More on the Downsize-Dilemma
I keep experiencing a sense of déjà vu lately. Four or five times a week, I find myself in the middle of the same conversation with completely different people!
Coincidence? I think not. The scenario goes something like this: A call comes in. The person is thinking about selling their home. They wonder whether I can come over to look at their place and give them some advice about what they may need to do to prepare it for sale.
They aren’t ready to sell yet. They’re just trying to get a better sense of what the big picture of real estate looks like. Where the market is and how much they might be able to sell for. All of this is great of course. It’s what I do. Over the years I’ve had hundreds of these calls.
And yet, when I get there, what’s supposed to be a simple Q&A about real estate, often turns into a much broader discussion about big life questions that are bouncing around in their heads. The existential dilemmas they are feeling. All the what-ifs about the future. The litany of concerns that come with aging. Their natural resistance to change. And just how hard it is to define what quality of life really looks like.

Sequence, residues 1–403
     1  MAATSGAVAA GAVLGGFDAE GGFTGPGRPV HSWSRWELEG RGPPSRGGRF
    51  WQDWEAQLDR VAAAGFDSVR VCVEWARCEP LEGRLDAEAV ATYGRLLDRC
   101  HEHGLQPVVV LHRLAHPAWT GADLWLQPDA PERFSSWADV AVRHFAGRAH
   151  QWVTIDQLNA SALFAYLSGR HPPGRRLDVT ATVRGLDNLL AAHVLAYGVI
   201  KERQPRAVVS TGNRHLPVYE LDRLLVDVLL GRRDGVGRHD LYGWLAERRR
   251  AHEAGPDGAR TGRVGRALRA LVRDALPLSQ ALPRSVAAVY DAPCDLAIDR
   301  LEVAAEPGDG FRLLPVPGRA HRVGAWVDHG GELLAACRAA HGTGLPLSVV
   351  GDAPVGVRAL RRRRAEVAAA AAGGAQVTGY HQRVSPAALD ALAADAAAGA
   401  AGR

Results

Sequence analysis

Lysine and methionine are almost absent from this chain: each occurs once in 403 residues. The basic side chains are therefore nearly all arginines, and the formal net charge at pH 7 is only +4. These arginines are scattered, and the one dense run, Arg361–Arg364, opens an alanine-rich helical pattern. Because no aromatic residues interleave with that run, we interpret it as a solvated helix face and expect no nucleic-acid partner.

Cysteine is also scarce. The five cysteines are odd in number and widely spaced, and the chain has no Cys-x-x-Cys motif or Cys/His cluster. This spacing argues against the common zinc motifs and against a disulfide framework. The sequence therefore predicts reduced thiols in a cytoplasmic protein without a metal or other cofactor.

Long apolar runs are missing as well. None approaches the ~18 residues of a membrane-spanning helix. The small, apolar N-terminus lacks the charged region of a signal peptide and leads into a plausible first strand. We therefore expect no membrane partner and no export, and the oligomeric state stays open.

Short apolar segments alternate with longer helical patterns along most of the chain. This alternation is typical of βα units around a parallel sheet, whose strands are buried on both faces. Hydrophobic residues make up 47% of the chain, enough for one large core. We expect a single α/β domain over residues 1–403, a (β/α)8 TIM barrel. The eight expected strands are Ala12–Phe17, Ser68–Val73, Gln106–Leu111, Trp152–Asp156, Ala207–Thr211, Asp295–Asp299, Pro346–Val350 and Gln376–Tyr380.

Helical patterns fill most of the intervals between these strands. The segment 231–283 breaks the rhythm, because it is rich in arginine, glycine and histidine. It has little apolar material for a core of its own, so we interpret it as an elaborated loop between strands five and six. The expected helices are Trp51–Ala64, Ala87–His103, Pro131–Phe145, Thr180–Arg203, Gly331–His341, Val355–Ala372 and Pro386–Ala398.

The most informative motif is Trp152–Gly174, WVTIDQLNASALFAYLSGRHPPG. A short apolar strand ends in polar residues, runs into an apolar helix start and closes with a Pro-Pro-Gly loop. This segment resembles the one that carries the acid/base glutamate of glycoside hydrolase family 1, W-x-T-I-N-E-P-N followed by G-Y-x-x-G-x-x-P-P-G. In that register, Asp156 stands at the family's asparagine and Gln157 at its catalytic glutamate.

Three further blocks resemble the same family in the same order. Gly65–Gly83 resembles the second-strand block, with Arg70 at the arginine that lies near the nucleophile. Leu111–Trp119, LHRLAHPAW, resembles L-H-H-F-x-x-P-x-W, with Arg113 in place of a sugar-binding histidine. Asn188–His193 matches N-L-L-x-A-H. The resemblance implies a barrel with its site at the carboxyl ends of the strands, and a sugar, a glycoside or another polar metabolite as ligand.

This is the conversation that’s making the rounds out there. It’s a collective expression of a huge, silent dreaming that’s welling up from deep within the culture.
The caller is usually somewhere between 55 and 75 years old. They often have aging parents and/or kids close to graduating college. They are wrestling with their own retirement issues. When to quit working? How to “move-down” and simplify life. Get rid of all the useless stuff in the garage. Maybe have fewer stairs and less property maintenance.
Along with all of the above, come even more complicated questions about things like: financial planning, family trusts, capital gains and property tax transfers, medicare, social security and long-term care insurance.
Ultimately all of these things relate back to home and the role it plays in our lives. For most of us, home is the single biggest asset we’ll ever own, at the same time it’s the physical, emotional and spiritual centering place for our lives – our refuge of safety, privacy, comfort and security. Home transitions are almost always a part of larger life transitions.
Sound familiar? Today 10,000 people in the US will turn 65. More than a few of them live in Santa Cruz. Over the next five years, that number of is going to increase dramatically as the population continues to age And that means the conversation is going to continue….